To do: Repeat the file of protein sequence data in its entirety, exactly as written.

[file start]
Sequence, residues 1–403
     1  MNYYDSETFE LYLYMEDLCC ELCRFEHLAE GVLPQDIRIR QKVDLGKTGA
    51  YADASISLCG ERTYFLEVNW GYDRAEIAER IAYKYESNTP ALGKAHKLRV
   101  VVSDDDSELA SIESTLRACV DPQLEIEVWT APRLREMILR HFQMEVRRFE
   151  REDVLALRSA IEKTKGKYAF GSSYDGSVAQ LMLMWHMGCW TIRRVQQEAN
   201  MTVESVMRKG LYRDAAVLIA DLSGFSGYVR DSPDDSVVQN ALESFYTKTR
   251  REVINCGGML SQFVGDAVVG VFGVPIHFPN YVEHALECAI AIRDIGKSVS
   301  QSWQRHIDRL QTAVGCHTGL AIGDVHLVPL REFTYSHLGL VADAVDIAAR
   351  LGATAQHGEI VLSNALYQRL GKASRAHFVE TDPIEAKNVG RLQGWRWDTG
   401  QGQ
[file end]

Sequence, residues 1–403
     1  MNYYDSETFE LYLYMEDLCC ELCRFEHLAE GVLPQDIRIR QKVDLGKTGA
    51  YADASISLCG ERTYFLEVNW GYDRAEIAER IAYKYESNTP ALGKAHKLRV
   101  VVSDDDSELA SIESTLRACV DPQLEIEVWT APRLREMILR HFQMEVRRFE
   151  REDVLALRSA IEKTKGKYAF GSSYDGSVAQ LMLMWHMGCW TIRRVQQEAN
   201  MTVESVMRKG LYRDAAVLIA DLSGFSGYVR DSPDDSVVQN ALESFYTKTR
   251  REVINCGGML SQFVGDAVVG VFGVPIHFPN YVEHALECAI AIRDIGKSVS
   301  QSWQRHIDRL QTAVGCHTGL AIGDVHLVPL REFTYSHLGL VADAVDIAAR
   351  LGATAQHGEI VLSNALYQRL GKASRAHFVE TDPIEAKNVG RLQGWRWDTG
   401  QGQ